In 1901, George Johnson decided to sell the Grand Hotel—including the 250 acres—to James Ketchum Glennon. But Glennon’s tenure was marked by adversity, including two hurricanes that greatly damaged the resort in 1906 and 1916. 

The hotel managed to briefly resume its status as Alabama’s premier beachside retreat during the Roaring Twenties.  But then the Great Depression sapped whatever economic momentum it had managed to create. 

Glennon died in 1928 and his family sold the Grand Hotel to Edward A. Roberts, chairman of the Waterman Steamship Corporation, in 1939. The resort had become so badly run down that Roberts had most of the structures demolished. What remained was thoroughly restored. Roberts also constructed a new magnificent structure that served as the main building of the resort and still exists today. 

This Grand Hotel originally debuted with 90 splendid guest accommodations and modern air-conditioning. Roberts also commissioned the creation of several cottages, which functioned as exclusive bungalows for the resort’s upscale clientele. Yet, the country’s entrance into World War II largely put a stop to Roberts’ renovations. The War Department petitioned the hotelier to lease the facility for use by the U.S. Army Air Corps. Roberts agreed, leasing the entire resort with the sole stipulation that the soldiers garrisoned onsite would not walk through the facility while wearing their combat boots. The Grand Hotel subsequently helped the military train servicemen to operate mobile air depots throughout the Pacific Theater. 

After the war, Roberts continued improving the new iteration of the Grand Hotel, installing the resort’s famed Azalea and Dogwood golf courses and 10 luxurious cottages. But in 1955, a massive corporate conglomerate purchased the location, eventually turning it over to a North Carolina businessman named Malcom McLean a decade later. He, in turn, sold it to his brother, James K. McLean. 

Recognizing that Roberts’ golf courses were now drawing ever increasing numbers of guests to the Grand Hotel, McLean subsequently developed a 50-guestroom extension onto the main building. McLean also created the spectacular South Bay House and a 9-hole golf course to deal with overcrowding on the other two 18-hole facilities.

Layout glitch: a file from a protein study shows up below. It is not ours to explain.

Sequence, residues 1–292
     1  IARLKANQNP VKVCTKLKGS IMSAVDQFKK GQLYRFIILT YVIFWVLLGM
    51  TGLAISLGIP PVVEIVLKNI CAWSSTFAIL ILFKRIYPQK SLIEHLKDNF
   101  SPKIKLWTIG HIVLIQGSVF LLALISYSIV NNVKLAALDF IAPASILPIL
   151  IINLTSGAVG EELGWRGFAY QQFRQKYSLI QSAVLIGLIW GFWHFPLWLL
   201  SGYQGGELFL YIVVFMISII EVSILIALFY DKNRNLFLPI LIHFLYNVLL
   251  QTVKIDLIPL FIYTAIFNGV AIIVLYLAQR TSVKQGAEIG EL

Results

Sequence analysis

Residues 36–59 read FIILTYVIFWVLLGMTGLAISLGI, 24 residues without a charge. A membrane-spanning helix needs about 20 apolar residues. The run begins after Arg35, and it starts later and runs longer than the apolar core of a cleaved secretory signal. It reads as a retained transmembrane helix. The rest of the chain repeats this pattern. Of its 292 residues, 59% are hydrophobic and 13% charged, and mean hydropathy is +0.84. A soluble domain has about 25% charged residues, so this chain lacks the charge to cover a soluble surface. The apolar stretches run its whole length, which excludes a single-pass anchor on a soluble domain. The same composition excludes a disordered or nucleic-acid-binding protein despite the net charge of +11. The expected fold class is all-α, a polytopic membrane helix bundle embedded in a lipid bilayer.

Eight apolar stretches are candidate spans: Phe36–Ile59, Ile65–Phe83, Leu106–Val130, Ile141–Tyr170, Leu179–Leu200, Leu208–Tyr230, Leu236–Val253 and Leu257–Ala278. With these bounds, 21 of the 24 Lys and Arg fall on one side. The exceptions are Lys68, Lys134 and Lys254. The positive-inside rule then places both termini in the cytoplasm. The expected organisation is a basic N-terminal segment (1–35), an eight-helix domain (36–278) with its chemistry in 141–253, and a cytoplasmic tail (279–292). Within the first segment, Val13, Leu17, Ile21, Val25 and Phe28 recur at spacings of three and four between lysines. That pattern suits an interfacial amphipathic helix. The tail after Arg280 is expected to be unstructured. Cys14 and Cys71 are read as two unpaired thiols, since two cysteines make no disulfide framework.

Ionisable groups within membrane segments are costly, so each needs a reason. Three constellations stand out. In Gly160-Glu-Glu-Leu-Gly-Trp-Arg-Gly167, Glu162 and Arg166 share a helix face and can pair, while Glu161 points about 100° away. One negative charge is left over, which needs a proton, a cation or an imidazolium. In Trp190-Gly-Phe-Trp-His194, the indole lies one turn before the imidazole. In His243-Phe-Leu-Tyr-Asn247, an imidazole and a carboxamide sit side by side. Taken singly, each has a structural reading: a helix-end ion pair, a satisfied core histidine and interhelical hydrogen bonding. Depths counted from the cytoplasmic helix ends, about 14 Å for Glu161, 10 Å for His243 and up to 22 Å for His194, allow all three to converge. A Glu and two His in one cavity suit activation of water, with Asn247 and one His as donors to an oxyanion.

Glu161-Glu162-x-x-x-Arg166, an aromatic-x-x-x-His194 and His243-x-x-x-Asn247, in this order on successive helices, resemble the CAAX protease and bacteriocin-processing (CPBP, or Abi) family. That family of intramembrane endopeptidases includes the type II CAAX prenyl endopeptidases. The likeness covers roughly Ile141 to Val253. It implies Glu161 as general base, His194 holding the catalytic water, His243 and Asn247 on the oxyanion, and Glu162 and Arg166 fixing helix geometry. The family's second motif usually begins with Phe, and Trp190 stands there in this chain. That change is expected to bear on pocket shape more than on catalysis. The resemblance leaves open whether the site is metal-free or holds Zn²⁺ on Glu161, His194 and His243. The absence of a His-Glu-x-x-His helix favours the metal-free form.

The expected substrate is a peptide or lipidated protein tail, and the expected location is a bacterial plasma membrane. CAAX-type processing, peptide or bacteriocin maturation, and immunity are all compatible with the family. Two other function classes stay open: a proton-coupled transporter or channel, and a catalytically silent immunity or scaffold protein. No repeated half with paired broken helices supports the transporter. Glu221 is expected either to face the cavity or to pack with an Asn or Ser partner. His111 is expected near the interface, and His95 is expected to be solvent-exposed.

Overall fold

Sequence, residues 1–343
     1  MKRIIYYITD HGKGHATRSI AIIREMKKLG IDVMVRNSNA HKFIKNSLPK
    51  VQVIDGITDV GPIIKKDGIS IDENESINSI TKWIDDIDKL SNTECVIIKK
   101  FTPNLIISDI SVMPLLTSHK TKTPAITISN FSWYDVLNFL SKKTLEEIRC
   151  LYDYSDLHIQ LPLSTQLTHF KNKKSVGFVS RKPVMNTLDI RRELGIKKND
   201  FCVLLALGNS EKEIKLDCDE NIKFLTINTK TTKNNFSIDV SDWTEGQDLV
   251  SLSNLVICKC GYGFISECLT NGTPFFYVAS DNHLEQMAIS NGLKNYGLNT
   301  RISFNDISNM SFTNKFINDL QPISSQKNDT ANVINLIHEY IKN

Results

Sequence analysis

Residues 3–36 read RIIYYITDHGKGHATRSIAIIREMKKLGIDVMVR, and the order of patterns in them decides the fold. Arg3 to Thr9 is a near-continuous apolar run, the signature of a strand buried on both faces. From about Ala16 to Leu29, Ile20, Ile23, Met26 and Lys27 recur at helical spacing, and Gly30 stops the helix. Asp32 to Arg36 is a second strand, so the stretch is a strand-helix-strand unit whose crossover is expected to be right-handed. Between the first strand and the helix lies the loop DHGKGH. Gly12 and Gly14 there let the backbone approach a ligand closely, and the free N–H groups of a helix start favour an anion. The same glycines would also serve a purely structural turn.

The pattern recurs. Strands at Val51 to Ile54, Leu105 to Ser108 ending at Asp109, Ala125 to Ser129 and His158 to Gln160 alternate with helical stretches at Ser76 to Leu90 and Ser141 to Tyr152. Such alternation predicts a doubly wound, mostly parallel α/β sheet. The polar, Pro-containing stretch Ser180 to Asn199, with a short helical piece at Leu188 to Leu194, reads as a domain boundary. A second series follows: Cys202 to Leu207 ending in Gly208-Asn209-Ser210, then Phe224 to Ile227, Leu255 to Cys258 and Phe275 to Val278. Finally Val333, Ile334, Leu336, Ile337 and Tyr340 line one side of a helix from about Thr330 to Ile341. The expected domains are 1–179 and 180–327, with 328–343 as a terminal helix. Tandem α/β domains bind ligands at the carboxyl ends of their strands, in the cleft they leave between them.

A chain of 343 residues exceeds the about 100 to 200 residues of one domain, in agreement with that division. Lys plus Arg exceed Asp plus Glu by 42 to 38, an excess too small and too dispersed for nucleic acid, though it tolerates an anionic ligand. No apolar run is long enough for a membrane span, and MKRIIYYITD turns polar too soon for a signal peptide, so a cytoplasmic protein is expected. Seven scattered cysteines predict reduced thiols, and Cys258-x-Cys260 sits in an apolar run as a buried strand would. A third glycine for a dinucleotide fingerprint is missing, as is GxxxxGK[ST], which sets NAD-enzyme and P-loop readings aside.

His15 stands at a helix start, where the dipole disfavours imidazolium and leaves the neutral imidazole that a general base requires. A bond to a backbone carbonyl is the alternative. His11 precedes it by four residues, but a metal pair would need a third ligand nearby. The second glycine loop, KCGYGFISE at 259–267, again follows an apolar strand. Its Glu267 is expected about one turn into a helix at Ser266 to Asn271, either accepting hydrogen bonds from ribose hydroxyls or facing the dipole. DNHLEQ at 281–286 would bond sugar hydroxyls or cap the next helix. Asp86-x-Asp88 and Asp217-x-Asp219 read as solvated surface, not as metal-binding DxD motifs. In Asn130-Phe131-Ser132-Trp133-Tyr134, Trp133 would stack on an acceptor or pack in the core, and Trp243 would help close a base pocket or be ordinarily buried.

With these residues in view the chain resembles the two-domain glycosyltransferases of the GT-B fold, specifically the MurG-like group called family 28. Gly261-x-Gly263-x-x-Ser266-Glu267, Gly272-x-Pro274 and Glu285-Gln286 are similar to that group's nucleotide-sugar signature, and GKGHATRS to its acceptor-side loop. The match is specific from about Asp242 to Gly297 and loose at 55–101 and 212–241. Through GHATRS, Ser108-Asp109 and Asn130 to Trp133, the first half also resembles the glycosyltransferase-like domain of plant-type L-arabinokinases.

Hurricane Frederick damaged the grounds in 1979 and in 1981 Marriott International purchased the hotel. They added nearly 200 more accommodations, as well as the North Bay House and the Marina Building. The company also made the difficult decision to demolish the devastated Gunnison House, constructing a new Grand Ballroom in its place.  

The ownership changed once again in 1999, when it became a subsidiary of Retirement Systems of Alabama, or RSA, in 1999, though it continues to be a Marriot franchise. In the early 2000s, it  underwent another series of renovations with the opening of the Spa Building along with an indoor pool, presidential suites and honeymoon suites overlooking the Marina.   

In 2018, Marriott completed a $35 million renovation, which included upgrades to its 405 guest rooms, meeting and conference spaces, spa, golf course, pool, pier grounds and restaurants.  

The Grand Hotel is a now member of Marriott’s Autograph Collection, which are high-end and independent properties. Since 2009, it has been a member of the Historic Hotels of America.  Despite its many changes over the years, this spectacular seaside destination still reigns as the “Queen of Southern Resorts.”

You can catch a special tribute to the history of the Grand Hotel called “Grandeur, Grit and Glory,” daily at 3:45 pm. Honoring its ties to American freedom, the Grand’s unique history is celebrated with a procession that commences at the Main Lobby fireplace.  It  culminates with a Civil War-replica cannon firing on the edge of Mobile Bay at Cannon Park.